Since Beege's blog is better left daily appreciated than emulated, I thought I'd return the compliment in a more routine way-- throwing the spotlight on what she does so engagingly, tipping my hat to her as a way of saying thanks for being a friendly member of the small community of readers on this blog, and swapping top three movie titles with her. It seems to me Beege's choice of titles-- Happy, Texas, Beautiful Girls and Mystery, Alaska-- reveal a tendency to gravitate toward movies featuring depictions of extreme weather and a very specific sense of community. I have seen Beautiful Girls and found it intermittently entertaining, with a terrific performance by a young Natalie Portman, but ultimately a little too tidy and a touch creepy. I have not seen the other two-- I like Steve Zahn and Jeremy Northam, so Happy, Texas has a leg up, but I will say I'm fonder of Alaskan weather than the whole Northern Exposure sensibility that radiates from the trailer for Mystery, Alaska, which I have seen.

So, here's my proposal, Beege. I'll rent Happy, Texas and Mystery, Alaska and watch 'em both, if you'll do the same with any or all of the three titles which have made recent surges into my personal top 10 that you haven't already seen. Assuming that you're at least considering the swap, here are the three titles:

1) Once Upon a Time in the West (1969) Sergio Leone's gorgeous, mournful and iconic masterpiece is a thrilling summing-up of an entire genre-- the American Western. In addition to the cast-against-type (and therefore most effectively cast) Henry Fonda as the movie's blue-eyed homicidal villain, Claudia Cardinale (never more beautiful or strong, and an anomaly in Leone's filmography--a central female character) and Charles Bronson as the harmonica-playing man with a secret, the movie boasts one brilliant set piece after another and, arguably, Ennio Morricone's finest work as a film composer. What can't be argued, it seems to me, is the status of the first ten minutes of Once Upon a Time in the West, including the presentation of the main titles, as the greatest opening sequence in a movie ever. When I get around to revisiting my top films of all time list, it seems likely that this movie has a good shot at displacing Nashville, which has been my number-one for about 20 years, at the top of the heap.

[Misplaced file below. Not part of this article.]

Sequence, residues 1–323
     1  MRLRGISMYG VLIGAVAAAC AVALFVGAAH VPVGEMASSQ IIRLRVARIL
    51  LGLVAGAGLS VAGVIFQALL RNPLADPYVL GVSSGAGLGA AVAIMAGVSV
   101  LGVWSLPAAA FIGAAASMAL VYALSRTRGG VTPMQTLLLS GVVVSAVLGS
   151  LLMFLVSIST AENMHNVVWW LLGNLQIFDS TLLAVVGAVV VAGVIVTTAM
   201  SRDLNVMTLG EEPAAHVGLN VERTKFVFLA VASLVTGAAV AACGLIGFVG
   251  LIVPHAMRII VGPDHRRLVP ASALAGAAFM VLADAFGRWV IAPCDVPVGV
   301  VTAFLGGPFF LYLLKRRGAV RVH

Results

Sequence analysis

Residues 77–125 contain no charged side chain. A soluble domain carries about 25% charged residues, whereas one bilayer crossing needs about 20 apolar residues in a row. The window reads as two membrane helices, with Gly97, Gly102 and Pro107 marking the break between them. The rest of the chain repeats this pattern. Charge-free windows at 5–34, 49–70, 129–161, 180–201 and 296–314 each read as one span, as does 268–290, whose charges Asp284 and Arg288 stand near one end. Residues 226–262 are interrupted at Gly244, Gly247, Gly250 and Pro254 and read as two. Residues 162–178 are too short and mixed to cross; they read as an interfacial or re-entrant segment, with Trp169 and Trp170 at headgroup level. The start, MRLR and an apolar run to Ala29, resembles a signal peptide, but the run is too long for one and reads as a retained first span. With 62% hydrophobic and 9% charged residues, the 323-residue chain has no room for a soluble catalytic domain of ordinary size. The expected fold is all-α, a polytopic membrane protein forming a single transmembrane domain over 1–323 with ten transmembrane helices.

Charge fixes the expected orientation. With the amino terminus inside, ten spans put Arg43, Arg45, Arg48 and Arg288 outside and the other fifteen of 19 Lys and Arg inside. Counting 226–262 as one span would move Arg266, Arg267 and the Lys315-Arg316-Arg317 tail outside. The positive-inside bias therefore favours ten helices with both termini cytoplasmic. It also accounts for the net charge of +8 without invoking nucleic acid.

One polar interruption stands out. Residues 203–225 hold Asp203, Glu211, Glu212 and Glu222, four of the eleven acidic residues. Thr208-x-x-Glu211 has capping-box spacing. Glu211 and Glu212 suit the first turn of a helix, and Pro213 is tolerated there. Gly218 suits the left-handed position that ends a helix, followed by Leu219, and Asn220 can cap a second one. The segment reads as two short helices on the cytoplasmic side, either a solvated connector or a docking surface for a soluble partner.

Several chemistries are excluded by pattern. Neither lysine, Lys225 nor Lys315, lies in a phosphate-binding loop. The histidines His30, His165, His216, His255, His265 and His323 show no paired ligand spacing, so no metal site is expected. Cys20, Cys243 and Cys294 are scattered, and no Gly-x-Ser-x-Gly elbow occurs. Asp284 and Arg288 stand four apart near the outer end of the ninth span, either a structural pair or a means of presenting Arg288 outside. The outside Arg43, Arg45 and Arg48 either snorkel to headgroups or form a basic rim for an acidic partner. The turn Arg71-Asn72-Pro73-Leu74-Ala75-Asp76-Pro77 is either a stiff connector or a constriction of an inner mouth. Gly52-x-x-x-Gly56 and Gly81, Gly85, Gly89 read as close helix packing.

2) The Lady Eve (1941) One of those truly great movies that makes you realize that not only do they not make them like this anymore, "they" couldn't make another movie like this one even "they" wanted to. Henry Fonda and Barbara Stanwyck star in Preston Sturges' virtually perfect screwball comedy-- Stanwyck's con artist sets upon bookish snake specialist Fonda as an easy mark and ends up literally falling for him, and he does a few hilarious pratfalls as well in the process of inadvertently upending her preconceptions about the boundaries of sexual attraction. Riotously funny, flawlessly scripted and executed, this is exhibit "A" in the case for Sturges as the premier writer and director of American film comedy.